The set performed by Yes on this occasion would have been a cut-down version of the band's live set, and Jon Anderson introduced the numbers, although he forgets which camera he is on whilst introducing Looking Around, much to the amusement of the rest of the band. The performance is a tight, concise and well disciplined one, proving that the live work undertaken by Yes in 1969 had sharpened up their musical skills no end. More importantly, in terms of footage available from this period, very little has survived, making this small but historically important piece of film of the original line-up of Yes all the more important.

The next clip featured here is a colour clip of the band performing Time And A Word. The performance is a lip-synched performance as was the norm for many television programmes of the time and the band seem to be enjoying themselves performing the title track of their second album. Despite the good natured performance, however, there was an underlying tension, which had arisen during the recording of Time And A Word. Peter Banks is featured here in possibly one of his last TV appearances with the band he helped to form. Just over seven weeks after this performance Peter Banks was sacked from Yes following a gig in Luton on 18th April 1970. Time And A Word, the final album to feature Peter as a member of Yes, was released in July 1970 by which time Peter's successor Steve Howe was installed as the guitarist in Yes where despite a few periods where he has chosen to play with other bands such as Asia and GTR, he has remained ever since.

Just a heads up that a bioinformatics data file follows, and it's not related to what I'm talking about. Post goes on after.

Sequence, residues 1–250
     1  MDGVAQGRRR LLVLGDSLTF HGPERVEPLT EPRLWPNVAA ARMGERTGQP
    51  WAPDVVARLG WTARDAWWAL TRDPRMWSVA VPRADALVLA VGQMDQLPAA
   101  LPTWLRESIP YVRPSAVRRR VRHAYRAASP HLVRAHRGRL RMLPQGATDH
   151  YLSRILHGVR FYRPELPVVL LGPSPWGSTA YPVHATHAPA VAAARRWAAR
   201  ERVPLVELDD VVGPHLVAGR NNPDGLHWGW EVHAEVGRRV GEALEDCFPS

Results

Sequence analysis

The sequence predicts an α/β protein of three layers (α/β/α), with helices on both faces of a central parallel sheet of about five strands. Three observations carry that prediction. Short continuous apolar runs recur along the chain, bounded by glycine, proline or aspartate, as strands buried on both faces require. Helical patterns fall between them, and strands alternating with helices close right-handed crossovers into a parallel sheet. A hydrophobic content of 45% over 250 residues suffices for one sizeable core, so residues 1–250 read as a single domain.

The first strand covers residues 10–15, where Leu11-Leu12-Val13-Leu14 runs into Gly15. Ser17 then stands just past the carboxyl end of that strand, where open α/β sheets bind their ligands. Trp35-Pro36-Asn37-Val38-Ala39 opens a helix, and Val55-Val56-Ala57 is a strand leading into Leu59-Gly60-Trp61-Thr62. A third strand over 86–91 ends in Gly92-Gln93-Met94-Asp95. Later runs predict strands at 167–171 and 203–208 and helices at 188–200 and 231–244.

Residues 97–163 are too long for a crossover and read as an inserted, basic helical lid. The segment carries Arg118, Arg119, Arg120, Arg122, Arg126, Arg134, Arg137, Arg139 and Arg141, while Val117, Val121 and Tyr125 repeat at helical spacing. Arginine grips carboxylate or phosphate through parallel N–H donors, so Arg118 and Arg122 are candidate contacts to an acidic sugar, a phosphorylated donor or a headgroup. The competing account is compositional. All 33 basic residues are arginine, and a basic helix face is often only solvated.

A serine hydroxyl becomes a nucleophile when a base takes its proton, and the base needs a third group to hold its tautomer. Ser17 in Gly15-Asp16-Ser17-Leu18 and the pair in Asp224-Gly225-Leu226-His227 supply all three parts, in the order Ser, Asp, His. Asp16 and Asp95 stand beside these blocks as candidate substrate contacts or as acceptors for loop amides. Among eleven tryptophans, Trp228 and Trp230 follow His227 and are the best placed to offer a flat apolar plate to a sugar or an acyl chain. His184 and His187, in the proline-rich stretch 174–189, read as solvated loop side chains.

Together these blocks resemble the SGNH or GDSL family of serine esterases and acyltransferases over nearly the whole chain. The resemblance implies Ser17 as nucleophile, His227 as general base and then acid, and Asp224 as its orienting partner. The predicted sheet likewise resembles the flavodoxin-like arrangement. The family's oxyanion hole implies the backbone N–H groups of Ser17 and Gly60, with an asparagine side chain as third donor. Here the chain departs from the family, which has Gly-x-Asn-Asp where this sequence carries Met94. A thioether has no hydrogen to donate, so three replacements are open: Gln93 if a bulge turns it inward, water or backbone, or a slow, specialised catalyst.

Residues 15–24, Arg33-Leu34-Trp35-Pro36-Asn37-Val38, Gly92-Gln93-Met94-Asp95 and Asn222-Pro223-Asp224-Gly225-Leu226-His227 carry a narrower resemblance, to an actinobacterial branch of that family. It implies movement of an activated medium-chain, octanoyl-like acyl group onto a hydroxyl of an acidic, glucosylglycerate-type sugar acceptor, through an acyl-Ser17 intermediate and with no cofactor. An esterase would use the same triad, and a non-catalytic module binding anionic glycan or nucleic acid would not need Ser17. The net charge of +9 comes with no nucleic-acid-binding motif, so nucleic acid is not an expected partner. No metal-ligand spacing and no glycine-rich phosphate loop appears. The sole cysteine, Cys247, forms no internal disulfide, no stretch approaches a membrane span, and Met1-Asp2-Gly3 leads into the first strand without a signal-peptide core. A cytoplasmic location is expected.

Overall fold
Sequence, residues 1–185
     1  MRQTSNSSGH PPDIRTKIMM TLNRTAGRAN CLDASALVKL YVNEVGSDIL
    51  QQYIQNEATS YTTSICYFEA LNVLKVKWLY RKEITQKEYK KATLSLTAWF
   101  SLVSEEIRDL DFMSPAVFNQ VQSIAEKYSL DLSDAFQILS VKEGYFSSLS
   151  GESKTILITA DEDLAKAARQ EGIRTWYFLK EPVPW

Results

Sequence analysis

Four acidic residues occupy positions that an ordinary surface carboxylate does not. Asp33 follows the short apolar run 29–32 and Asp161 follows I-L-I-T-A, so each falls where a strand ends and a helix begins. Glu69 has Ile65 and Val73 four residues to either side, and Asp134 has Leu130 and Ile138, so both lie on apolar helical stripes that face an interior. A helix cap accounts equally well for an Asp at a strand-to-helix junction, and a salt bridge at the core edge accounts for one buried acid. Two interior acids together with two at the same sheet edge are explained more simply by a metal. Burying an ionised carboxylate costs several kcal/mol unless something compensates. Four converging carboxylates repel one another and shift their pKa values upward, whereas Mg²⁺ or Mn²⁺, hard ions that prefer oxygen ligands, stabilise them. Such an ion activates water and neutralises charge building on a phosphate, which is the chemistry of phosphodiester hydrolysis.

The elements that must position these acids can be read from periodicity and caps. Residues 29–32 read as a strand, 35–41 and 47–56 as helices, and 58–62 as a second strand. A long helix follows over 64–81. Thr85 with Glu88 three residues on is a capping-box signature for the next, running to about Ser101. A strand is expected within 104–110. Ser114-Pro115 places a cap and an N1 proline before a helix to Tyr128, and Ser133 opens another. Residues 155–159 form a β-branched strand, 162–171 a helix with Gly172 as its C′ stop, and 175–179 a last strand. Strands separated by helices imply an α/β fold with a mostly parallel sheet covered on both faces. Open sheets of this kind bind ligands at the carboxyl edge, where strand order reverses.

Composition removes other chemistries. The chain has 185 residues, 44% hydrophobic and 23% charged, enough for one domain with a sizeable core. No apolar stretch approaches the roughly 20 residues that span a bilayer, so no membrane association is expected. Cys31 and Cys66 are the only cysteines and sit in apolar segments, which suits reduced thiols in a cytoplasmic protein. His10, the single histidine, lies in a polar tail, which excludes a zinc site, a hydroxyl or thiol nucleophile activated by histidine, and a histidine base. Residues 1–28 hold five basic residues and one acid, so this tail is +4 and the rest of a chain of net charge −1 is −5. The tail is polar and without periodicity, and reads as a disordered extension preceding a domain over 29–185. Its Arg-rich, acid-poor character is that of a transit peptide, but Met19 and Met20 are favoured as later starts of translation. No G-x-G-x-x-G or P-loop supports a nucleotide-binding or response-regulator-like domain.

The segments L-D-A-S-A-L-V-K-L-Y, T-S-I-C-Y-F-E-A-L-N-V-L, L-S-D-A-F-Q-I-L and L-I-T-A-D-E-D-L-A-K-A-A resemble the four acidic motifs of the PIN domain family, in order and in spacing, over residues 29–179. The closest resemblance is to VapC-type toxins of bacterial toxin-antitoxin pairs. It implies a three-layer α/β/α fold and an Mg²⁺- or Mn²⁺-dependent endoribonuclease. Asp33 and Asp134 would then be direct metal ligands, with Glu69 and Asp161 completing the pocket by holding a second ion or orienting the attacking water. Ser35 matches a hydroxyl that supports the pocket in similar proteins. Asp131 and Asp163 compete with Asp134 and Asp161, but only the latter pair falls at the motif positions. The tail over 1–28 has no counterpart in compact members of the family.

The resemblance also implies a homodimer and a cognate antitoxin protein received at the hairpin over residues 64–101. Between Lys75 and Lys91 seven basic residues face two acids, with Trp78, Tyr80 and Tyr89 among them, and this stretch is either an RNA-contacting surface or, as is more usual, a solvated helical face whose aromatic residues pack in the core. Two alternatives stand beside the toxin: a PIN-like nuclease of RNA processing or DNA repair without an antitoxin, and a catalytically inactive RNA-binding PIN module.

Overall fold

The next section of footage comes from another Beat Club appearance filmed on 19th April 1971. The two tracks featured on the programme, which was aired on 24th April, were I've Seen All Good People and Yours Is No Disgrace. However, researchers recently found a second take of Yours Is No Disgrace, which is slightly faster than the original take. This second take has remained in the vault until now.

Following on from these TV performances, Yes would finally break through with their third album, The Yes Album and following more changes in line-up, which saw Rick Wakeman replacing Tony Kaye, the band would go onto even greater success with albums such as Fragile, Close To The Edge & Tales From Topographic Oceans in the seventies, through the eighties with albums like 90125 and Big Generator, and then to the bands most recent studio album, Magnification, which was recorded with a full orchestra in 2001.

The band, despite short periods of inactivity and a great many changes in personnel (which has seen Chris Squire as the only constant throughout the band's history), have weathered the storms of fashion and commercial whims and released almost twenty studio albums and a number of live albums in the period 1968-2008. Yes have also remained hugely popular in the live arena and are still able to fill some of the largest arenas worldwide to audiences both young and old.

The performances featured on this DVD, however, are from the very early days of the band. You could say from a time Before and Beyond their massive success; but the spark of what made them the massively successful band they became is visible here for all to see and hear.

Licensed courtesy of Joe Sweetinburgh at